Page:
•  United Arab Emirates – The UAE has announced plans to support the shortages of the Sudanese economy and provided 1.12 million tonnes of fuel and allocated $300 million to finance Sudan's agriculture.[178][179]
  •  Saudi Arabia &  United Arab Emirates pledged 3 billion in aid on 21 April[130] and the  Kuwaiti-based Arab Fund for Economic and Social Development lent $200m to the Sudanese government.[180]

Other states[edit]

  •  Norway,  United Kingdom,  United States – On 10 April, the Troika issued a statement urging the government to heed the protesters calls for political transition: "The Sudanese people are demanding a transition to a political system that is inclusive and has greater legitimacy. The Sudanese authorities must now respond and deliver a credible plan for political transition. Failing to do so risks causing greater instability. The Sudanese leadership has a grave responsibility to avoid such an outcome."[181]
  •  Turkey,  Russia – offered fuel and wheat, according to Sudan's Oil Minister.[178]
  •  United Kingdom – On 14 January, British ambassador to Sudan Irfan Siddiq said he urged the Sudanese government to avoid violence with the protesters and to release the political detainees saying "No more use of force, credible investigations into killings, release of political detainees, freedom of media and respect for the sanctity of hospitals and work of medics all essential steps."[182]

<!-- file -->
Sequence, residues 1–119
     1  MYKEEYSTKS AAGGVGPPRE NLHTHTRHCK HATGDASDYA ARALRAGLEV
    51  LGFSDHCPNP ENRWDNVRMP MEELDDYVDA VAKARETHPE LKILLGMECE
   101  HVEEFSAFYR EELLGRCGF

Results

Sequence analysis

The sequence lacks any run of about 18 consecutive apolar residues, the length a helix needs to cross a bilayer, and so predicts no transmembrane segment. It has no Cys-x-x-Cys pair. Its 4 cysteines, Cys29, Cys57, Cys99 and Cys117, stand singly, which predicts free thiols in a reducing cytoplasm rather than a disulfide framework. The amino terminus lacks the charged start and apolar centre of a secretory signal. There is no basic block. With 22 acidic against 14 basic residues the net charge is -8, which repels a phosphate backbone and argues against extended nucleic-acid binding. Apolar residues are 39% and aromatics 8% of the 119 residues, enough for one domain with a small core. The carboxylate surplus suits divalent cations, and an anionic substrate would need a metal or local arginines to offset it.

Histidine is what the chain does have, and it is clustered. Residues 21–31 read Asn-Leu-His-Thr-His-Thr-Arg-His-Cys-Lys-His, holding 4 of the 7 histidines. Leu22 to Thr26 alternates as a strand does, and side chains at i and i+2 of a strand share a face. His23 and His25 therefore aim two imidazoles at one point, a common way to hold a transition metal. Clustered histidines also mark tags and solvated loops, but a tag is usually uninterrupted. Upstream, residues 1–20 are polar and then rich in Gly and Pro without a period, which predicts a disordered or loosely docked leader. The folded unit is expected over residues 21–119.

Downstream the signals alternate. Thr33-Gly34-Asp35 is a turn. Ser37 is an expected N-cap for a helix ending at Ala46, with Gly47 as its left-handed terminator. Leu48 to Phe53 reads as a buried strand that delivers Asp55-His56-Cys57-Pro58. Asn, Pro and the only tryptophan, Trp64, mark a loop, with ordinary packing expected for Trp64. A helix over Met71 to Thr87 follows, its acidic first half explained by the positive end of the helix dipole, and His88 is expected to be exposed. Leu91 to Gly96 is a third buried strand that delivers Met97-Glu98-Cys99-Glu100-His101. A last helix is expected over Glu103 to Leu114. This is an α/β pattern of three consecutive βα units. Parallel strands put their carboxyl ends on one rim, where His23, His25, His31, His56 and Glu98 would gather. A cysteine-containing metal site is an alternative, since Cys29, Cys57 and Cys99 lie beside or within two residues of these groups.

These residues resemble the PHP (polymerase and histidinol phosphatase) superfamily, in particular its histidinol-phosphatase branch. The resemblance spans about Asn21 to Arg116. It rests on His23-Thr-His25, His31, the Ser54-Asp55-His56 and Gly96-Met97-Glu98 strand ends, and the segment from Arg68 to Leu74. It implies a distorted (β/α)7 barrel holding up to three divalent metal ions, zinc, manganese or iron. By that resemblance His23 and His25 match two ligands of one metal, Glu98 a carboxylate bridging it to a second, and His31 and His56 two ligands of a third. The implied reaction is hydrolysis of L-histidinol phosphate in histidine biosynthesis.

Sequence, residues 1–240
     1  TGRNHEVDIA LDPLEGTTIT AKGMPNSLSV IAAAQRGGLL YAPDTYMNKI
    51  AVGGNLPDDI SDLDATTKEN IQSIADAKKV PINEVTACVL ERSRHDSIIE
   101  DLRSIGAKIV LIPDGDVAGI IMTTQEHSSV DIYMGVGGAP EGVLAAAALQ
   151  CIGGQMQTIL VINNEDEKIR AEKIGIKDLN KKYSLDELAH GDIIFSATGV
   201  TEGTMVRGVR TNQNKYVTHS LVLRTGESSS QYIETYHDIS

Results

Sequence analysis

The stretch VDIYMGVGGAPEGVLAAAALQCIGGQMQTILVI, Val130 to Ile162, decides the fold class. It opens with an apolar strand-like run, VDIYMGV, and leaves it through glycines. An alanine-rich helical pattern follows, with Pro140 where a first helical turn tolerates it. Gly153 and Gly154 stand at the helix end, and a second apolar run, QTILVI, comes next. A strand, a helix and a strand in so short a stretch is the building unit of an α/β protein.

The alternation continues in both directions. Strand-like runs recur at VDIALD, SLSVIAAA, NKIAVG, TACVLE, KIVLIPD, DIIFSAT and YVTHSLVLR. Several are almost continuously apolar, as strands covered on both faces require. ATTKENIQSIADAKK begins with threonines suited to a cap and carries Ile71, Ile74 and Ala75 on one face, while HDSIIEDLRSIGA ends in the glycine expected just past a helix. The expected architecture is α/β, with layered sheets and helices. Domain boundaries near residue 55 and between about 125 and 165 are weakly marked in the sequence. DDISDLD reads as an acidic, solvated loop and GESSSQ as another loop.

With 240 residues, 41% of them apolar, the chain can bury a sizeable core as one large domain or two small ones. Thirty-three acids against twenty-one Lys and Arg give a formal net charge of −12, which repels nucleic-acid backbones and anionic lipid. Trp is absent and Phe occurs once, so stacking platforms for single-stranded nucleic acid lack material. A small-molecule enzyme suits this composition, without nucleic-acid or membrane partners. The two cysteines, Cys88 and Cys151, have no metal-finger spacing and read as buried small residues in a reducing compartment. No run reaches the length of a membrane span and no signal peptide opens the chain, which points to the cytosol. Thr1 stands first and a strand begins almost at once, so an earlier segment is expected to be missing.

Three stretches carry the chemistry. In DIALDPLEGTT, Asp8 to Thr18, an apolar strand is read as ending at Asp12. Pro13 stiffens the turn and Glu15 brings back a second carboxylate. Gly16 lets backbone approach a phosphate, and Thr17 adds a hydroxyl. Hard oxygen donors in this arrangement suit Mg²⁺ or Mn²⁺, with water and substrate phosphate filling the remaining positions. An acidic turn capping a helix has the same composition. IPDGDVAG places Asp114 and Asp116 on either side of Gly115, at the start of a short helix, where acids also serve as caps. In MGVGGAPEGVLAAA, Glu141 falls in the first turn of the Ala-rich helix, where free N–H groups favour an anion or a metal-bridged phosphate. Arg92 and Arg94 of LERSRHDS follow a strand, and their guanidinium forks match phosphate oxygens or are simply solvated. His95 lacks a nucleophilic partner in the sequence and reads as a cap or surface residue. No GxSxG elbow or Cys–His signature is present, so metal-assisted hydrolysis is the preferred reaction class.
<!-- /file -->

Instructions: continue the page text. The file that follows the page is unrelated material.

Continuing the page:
•  United States – On 23 January, the United States announced its concern over the arrests and detentions, calling for the Sudanese government to release journalists, activists, and peaceful protesters arbitrarily detained during the protests, State Department spokesman Robert Palladino announced "We call on the government to allow for a credible and independent investigation into the deaths and injuries of protesters."[183] On 19 April, the U.S. government called on the Sudanese military to give way to a civilian-led transitional government "that is inclusive and respectful of human rights and the rule of law."[9]


Giorgio Cafiero, founder of Gulf States Analytics, framed the protests and the subsequent coup in Sudan in geopolitical context where regional power, mainly Saudi Arabia, the United Arab Emirates and Turkey, were playing a major role in what he called "a counter-revolution." Cafiero added that "if a growing number of Sudanese citizens share a perception of Gulf states pursuing counter-revolutionary agendas in Sudan, more voices across the country could begin blaming such foreign governments for dimming their hopes for achieving democratic change."[184]

See also[edit]